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Pannonia

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The Roman province of Pannonia was bounded north and east by the Danube river, it was coterminous westward with Noricum and upper Italy (Venetia et Histria), and southward with Dalmatia and upper Moesia. Pannonia was located mostly over the territory of the present-day western-half of Hungary with small parts in: Austria, Croatia, Serbia, Slovenia, and Bosnia and Herzegovina.

Its original inhabitants were the Pannonii, of unknown stock, although likely related to other Central European and Balcanic peoples. Under the emperor Trajan, the province was divided into Pannonia Superior (the western part) and Pannonia Inferior (the eastern part).

Common remarks: the place-names have been put in the nominative case, an asterisk * means not attested, reconstructed form. The late place-names of probable Latin origin have not been included. The IE roots are in the form given by Pokorny's Indogermanische Wörterbuch. The links will be active when the single pages will be published, see the main page. For any comment, suggestion, email me.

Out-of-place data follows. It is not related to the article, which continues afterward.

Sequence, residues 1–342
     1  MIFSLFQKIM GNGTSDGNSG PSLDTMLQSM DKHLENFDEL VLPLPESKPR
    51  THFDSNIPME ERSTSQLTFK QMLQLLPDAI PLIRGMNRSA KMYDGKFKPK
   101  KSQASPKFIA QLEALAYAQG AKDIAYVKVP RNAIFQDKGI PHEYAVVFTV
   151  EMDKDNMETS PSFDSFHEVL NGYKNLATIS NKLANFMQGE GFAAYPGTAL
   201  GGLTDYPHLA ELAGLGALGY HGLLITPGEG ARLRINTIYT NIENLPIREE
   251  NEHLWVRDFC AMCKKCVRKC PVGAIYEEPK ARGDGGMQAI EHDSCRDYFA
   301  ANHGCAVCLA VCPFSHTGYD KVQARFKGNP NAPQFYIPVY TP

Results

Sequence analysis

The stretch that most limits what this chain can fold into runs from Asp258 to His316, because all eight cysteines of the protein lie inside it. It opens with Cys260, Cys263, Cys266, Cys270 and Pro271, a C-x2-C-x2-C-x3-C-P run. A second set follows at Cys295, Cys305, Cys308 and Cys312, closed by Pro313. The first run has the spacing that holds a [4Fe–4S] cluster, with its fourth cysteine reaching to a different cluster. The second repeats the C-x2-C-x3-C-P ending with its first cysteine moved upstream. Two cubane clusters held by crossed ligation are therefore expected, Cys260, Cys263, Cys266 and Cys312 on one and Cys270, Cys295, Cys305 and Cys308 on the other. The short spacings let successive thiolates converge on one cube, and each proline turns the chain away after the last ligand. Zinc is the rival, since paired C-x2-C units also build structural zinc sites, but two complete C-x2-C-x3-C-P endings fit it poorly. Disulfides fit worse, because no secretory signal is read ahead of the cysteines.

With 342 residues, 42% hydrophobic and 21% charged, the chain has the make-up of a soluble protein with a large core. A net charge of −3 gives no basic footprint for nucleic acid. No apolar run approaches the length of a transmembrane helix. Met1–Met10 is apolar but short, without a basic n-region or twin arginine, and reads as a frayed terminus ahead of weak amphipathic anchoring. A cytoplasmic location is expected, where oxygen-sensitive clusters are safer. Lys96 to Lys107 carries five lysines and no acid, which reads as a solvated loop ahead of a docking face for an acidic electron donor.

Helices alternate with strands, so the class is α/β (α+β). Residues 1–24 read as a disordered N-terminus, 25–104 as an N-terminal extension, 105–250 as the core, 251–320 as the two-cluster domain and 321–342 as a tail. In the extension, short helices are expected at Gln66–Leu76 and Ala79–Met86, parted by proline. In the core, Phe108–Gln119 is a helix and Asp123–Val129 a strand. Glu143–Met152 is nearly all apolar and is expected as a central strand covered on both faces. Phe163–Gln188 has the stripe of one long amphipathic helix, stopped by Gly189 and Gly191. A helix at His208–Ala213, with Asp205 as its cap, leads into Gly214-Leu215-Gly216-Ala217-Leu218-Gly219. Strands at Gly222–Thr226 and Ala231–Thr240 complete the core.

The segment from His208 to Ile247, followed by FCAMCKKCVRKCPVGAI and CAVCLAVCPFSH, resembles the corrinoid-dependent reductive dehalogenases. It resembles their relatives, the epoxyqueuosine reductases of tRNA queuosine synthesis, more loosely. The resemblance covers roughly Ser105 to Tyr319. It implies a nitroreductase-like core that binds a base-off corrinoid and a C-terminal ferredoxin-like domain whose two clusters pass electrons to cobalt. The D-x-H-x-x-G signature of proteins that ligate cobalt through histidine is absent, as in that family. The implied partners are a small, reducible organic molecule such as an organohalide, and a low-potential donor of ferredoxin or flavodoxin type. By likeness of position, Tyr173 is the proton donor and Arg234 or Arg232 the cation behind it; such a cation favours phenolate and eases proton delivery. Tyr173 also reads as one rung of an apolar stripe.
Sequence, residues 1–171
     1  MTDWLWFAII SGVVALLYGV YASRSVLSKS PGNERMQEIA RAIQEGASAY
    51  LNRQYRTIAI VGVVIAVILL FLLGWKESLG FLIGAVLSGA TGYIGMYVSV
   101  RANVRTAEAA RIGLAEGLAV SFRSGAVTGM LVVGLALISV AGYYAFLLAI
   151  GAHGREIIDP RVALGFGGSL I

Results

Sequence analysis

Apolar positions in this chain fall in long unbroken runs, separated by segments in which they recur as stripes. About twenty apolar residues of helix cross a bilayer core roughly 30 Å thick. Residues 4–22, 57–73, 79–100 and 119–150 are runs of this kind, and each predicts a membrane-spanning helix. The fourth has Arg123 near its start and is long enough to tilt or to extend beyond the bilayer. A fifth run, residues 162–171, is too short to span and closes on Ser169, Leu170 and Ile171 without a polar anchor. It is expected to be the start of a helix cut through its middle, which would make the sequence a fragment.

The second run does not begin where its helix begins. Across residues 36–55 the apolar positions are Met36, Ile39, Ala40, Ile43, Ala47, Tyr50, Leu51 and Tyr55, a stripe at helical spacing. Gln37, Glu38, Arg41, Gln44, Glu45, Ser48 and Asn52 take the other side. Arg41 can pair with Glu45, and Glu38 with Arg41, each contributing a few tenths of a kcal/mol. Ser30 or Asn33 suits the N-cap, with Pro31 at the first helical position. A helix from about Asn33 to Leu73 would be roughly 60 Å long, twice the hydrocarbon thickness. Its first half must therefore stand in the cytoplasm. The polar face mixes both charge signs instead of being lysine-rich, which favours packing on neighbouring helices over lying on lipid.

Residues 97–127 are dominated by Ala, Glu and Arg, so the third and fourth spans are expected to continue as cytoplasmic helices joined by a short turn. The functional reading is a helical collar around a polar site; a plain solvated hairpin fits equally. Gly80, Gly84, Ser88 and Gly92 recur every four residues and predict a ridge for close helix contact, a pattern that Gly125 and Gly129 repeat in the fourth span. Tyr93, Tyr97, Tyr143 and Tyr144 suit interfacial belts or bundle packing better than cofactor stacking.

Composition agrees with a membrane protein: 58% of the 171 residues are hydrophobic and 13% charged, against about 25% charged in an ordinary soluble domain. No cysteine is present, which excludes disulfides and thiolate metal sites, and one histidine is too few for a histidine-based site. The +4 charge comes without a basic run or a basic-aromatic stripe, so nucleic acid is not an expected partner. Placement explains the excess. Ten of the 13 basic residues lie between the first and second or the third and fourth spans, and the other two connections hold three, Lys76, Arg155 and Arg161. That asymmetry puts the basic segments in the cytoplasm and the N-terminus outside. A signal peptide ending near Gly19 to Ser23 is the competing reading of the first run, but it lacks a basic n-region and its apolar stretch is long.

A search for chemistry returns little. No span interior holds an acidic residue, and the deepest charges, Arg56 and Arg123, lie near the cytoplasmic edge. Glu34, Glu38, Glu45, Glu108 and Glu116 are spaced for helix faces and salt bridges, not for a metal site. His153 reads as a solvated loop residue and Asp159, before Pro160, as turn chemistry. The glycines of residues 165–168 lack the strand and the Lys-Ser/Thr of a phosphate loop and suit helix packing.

Upper Pannonia

Andautonia

Aquae Balisae

Arrabo fl., Arrabona

Bolentium

Botivo, Iovia
  • Place: Ludbreg, county Varaždinska, Croatia
  • Name: Botivo (Peut., Rav.) Iovia (It. Ant., Burd.)
  • Etymology: The original name is unclear. Anreiter relates it tentatively to Old Irish both 'hut'. The later name Iovia likely is related to the Latin name Iovius found, e.g., as the surname of Diocletianus, although Anreiter thinks that it is a genuine Pannonian placename. Other two places named Iovia are mentioned in Pannonia, and a Iovista pagus.

Brigetio
  • Place: Szony of Komarom, county Komarom-Esztergom, Hungary
  • Name: Brigaetium, Bregaetium (Ptol.) Bregetio (Amm., It. Ant.) Brigetio, Bregetio (Not. Dign.) Brigantio (Peut.)
  • Etymology: Usually (Anreiter) considered a Celtic name, related to Gaulish briga 'hill'.

Cannabiaca